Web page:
The Iliad for Boys and Girls by Alfred Church

By Alfred Church

Lively retelling of Homer's Iliad, pertaining to the incidents of the good siege of Troy, from the quarrel of the chiefs to the ransoming of Hector's physique. compatible for a while eight and up.

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Sample text

Now King Priam sat on the wall, and with him were the other princes of the city, old men who could no longer fight, but could take counsel and make beautiful speeches. They saw the Fair Helen as she came, and one of them said to another: "See how beautiful she is! " But Priam called to her and said: "Come hither, my daughter, and see your friends and kinsmen in yonder army, and tell us about them. Who is that warrior there, so fair and strong? " And King Priam cried: "Happy Agamemnon, to rule over so many brave men as I see in yonder army!

But mark this: the girl Briseïs, who was given to you as your share of the spoil, I will take, if I have to come and fetch her myself. " Achilles was mad with anger to hear this, and said to himself, "Now I will slay this villain where he sits," and he half drew his sword from its scabbard. But at that instant the goddess Athené stood behind him and seized him by his long yellow hair. " "Nay," she answered, "I am come to stay your rage. Queen Hera and I love you both. Draw not your sword, but say what you will.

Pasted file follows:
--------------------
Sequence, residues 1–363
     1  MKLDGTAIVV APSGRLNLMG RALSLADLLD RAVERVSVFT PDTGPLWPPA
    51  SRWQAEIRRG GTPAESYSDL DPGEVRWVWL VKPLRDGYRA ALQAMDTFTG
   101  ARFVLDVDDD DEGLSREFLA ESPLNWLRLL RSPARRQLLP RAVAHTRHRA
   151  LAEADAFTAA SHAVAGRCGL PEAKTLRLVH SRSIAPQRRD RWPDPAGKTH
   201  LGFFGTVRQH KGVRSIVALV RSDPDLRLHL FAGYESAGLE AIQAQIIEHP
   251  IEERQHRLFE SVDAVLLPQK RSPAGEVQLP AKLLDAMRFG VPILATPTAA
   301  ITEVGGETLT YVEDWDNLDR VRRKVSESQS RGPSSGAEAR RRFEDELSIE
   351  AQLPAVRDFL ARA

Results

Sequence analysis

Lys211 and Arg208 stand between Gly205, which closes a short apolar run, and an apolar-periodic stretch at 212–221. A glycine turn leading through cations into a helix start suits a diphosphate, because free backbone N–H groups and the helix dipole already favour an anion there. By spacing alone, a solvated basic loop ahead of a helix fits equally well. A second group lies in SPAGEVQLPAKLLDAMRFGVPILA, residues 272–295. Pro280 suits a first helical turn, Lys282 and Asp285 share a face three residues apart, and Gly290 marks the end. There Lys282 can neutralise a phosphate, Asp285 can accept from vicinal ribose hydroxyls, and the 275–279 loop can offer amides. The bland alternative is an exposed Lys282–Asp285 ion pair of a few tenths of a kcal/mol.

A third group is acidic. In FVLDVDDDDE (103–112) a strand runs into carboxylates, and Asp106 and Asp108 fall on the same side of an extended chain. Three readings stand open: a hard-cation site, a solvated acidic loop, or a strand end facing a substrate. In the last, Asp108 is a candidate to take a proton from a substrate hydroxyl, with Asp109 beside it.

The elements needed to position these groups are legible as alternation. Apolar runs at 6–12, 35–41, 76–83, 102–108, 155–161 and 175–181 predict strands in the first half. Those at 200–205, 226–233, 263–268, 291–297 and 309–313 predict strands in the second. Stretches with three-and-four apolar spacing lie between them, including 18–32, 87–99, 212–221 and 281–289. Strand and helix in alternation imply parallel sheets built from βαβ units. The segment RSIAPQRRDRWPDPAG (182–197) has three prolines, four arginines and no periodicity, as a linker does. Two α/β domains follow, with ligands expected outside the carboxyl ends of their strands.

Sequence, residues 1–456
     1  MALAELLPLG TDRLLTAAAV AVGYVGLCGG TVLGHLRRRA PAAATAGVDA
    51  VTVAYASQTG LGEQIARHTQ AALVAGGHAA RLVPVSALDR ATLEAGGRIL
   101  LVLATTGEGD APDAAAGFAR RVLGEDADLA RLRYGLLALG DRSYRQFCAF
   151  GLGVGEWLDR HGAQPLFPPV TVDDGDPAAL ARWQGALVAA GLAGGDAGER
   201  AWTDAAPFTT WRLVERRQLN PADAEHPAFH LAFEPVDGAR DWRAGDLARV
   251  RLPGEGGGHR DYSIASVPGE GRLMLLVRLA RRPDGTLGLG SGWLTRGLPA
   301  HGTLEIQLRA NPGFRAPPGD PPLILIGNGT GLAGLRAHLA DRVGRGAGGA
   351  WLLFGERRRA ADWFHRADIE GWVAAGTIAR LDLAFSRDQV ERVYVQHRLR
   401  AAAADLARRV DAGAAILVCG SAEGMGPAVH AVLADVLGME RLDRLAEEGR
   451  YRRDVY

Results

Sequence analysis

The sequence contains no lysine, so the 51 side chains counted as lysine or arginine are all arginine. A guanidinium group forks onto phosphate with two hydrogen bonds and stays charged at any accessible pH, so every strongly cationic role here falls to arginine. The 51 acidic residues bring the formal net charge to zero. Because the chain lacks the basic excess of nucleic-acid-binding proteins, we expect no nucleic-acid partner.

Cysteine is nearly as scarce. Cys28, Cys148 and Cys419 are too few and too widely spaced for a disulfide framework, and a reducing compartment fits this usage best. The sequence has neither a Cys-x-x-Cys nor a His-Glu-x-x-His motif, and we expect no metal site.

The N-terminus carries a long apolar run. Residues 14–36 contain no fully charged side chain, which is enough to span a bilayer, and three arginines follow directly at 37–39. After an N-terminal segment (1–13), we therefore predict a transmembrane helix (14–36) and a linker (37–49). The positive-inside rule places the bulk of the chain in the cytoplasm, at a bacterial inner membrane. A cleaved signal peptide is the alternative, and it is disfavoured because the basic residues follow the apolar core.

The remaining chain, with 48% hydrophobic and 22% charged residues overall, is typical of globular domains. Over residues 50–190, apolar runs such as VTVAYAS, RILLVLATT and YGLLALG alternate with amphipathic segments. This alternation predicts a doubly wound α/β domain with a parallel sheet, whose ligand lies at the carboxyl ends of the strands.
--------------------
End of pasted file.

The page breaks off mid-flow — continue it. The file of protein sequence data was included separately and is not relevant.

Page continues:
So they went out by the gate, and fell upon the Greeks and killed many of them, and Glaucus the Lycian went with them. CHAPTER X How Hector and Ajax Fought ATHENE was very sorry to see how her dear Greeks were being killed by Hector and his companions. So she flew down from the heights of Olympus to see whether she could help them. When she had come to the plains of Troy she met Apollo. Now Apollo loved the Trojans, and said to her: "Are you come, Athené, to help the Greeks whom you love? Now I, as you know, love the Trojans.

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